In functional genomics, transcript measurement is of fundamental importance. Quantitative reverse transcription polymerase chain reaction (qRT-PCR) assays are the most popular technology and depend on the initial molecular step, the reverse transcription (RT). This study provides a complex overview of the influence of elements such as RT systems, amount of background RNA, and transcript abundance on the efficiency of qRT-PCR. Using qRT-PCR, we compared the efficiency of some commonly used RT systems and measured the production of PCR-amplifiable products and the influence of PCR inhibitor contents.
The qRT-PCR assays were conducted using the TaqMan system, although we also tested the SYBR Green I chemistry, which is not compatible with all the RT systems. When dealing with low-abundance transcripts, the SuperScript II system generated more detectable molecules than the four other systems tested: Sensiscript, Omniscript, SuperScript III and PowerScript (P < 0.05). However, the Sensiscript and PowerScript systems were more efficient for detecting high-abundance transcripts in the presence of 1 to 2 μg background RNA (P < 0.05). The most striking aspect was the influence of the dilution of the RT reaction on the subsequent PCR. Indeed, some inhibition was released when diluted RT reactions were used for the quantitative PCR measurements. Furthermore, the amount of background RNA in the RT reaction was also a major component influencing a downstream step in qRT-PCR, the PCR reaction. Whereas Sensiscript was less biased, the other systems contained an important source of PCR inhibitors, interfering as much as 70% with the qRT-PCR.
This study provides a complex overview of the influence of elements such as RT systems, qRTPCR chemistry, amount of background RNA, and transcript abundance on the efficiency of qRT-PCR. Whereas the most significant influencing factor is the presence of inhibitors in the RT systems, total background RNA is also a major influencing component that affects the PCR reaction. Whenever the aim of a study is to obtain a precise gene expression measurement or to profile the global transcriptome (e.g. microarray), the RT step is critical and should be examined with care.
In functional genomics, transcript measurement is of fundamental importance, since it not only reveals the activity of a genome but also delivers information on the regulation of biochemical pathways. In that connection, many efforts are directed toward improving detection technologies that hold promise for the discovery of new genes or linking gene activity to new biochemical pathways involved in the development and regulation of mammalian cells. Among the most popular technologies, the microarray tool is used for large-scale gene expression profiling, while the quantitative reverse transcription polymerase chain reaction (qRT-PCR) assay is applied when a precise gene-by-gene interrogation is required. One of the limitations of current technologies, such as microarray, is that a relatively large amount of cDNA is required to generate labelled cDNA . Irrespective of our ability to amplify RNA from tissue, all methods depend on the efficiency of the initial molecular step, the reverse transcription (RT). This is of prime importance when the substrate is limited (nanograms of RNA), such as in biopsies, lasercapture microdissection, historical samples, or specialised cells that are very poor in RNA, such as spermatozoa. Whether the problem is filling the need for micrograms of cDNA in probing microarrays, or depicting an accurate gene expression profile using the qRT-PCR approach, an efficient, sensitive and reliable RNA-to-cDNA conversion step is required. Indeed, reverse transcriptase (RTase) needs to be efficient over a wide dynamic range in order to efficiently convert both high-abundance and rare transcripts into cDNA, despite the total amount of "background" RNA in the tube assay. This is one of the most crucial steps in a quantitative study such as qRT-PCR, and it is no less important for whole transcriptome interrogation in microarray studies.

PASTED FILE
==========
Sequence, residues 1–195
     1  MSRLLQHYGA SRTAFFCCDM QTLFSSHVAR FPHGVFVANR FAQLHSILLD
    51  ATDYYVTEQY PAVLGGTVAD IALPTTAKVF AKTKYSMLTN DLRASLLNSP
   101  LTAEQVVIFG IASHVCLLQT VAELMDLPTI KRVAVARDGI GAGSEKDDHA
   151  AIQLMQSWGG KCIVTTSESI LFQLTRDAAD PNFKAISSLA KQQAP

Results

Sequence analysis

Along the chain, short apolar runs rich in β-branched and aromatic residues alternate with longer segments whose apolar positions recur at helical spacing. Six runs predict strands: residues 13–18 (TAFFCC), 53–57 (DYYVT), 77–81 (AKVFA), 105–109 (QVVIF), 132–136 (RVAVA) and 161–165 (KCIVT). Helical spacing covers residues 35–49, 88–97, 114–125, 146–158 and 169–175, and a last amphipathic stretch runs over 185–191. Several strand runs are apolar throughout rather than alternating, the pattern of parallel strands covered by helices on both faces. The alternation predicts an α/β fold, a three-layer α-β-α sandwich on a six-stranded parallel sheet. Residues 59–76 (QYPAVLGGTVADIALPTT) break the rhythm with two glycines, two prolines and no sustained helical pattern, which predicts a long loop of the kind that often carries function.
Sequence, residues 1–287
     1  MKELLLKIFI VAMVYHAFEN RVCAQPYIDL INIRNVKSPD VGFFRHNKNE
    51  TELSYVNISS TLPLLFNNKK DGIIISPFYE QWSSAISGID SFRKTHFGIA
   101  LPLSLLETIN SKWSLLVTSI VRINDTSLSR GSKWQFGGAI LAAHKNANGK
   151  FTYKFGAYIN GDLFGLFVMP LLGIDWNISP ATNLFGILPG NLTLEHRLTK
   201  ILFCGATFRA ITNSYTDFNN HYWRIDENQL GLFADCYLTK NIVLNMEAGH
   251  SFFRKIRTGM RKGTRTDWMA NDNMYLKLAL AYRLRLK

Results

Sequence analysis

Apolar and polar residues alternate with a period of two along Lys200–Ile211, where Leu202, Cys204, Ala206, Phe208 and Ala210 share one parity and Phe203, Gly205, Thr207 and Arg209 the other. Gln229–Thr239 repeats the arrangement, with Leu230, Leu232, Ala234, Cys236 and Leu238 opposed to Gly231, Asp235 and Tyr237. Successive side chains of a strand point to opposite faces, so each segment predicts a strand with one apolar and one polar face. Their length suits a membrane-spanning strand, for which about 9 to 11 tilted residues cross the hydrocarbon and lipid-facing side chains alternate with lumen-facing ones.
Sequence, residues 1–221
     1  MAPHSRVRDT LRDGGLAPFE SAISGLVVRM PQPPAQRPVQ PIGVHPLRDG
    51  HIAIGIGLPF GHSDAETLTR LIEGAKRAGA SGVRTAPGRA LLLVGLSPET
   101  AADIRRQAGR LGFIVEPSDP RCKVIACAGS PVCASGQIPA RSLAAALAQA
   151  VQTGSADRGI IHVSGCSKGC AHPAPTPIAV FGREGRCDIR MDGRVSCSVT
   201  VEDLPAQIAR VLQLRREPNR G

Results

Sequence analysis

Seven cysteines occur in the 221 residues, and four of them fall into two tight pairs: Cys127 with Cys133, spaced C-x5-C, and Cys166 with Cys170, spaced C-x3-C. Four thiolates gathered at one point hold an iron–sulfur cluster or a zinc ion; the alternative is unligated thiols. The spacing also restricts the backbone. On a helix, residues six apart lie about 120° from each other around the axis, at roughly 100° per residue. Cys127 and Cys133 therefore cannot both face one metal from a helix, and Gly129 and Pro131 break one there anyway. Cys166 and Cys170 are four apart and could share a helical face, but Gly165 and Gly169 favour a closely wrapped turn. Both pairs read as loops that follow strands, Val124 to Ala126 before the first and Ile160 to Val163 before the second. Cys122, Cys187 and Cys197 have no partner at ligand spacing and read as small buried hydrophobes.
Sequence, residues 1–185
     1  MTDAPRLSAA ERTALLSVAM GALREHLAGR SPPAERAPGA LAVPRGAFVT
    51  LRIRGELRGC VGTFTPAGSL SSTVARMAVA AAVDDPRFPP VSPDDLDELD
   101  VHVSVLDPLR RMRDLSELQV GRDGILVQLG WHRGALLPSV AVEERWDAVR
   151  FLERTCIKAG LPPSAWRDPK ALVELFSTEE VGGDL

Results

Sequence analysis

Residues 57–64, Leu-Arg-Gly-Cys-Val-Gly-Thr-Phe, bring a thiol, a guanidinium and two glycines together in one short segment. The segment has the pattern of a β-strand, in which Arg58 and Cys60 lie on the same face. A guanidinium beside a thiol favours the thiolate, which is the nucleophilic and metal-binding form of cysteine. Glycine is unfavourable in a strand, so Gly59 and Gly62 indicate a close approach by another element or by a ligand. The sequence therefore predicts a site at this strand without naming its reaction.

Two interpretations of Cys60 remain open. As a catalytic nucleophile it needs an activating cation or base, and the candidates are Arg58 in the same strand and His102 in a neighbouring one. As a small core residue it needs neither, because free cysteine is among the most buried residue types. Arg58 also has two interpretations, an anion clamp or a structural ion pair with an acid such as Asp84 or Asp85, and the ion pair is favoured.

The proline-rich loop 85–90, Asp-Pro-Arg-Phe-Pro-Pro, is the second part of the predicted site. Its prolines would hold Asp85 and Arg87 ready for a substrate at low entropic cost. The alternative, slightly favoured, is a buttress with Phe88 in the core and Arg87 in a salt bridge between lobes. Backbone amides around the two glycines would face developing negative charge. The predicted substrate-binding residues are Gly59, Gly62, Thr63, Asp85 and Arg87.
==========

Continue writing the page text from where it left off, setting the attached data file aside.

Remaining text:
Quantitative RT-PCR is by all means the most accurate approach to building a gene expression profile. Whereas much attention is dedicated to real-time technology for studying the quantitative aspect of transcript abundance, the importance of the RTase contribution is generally a trivial feature. One author has long been raising concerns about the influence of the RT step in qRT-PCR [2,3]. However, no studies have reported a quantitative appreciation of either the influence of the amount of background RNA in the RT assay or the influence of RT conditions on the RNA-to-cDNA conversion capacity of low copy number transcripts. This is of prime importance, since transcripts of gene regulators or modulators, such as transcription factors, silencers and enhancers, are often present in low abundance. Indeed, these rare transcripts are sometimes not detected by microarray  but rather when a normalisation step such as suppressive subtractive hybridisation is performed, allowing a 10-fold enrichment in lowabundance transcripts . Evaluating the capacity and detection limits of different commercial RT systems in regard to these conditions is fundamental to maximising the sensitivity of the qRT-PCR. For that reason, the first stage of gene expression analysis, the RT step, was examined in order to give further directives about the appropriate choice of RT system for a qRT-PCR assay.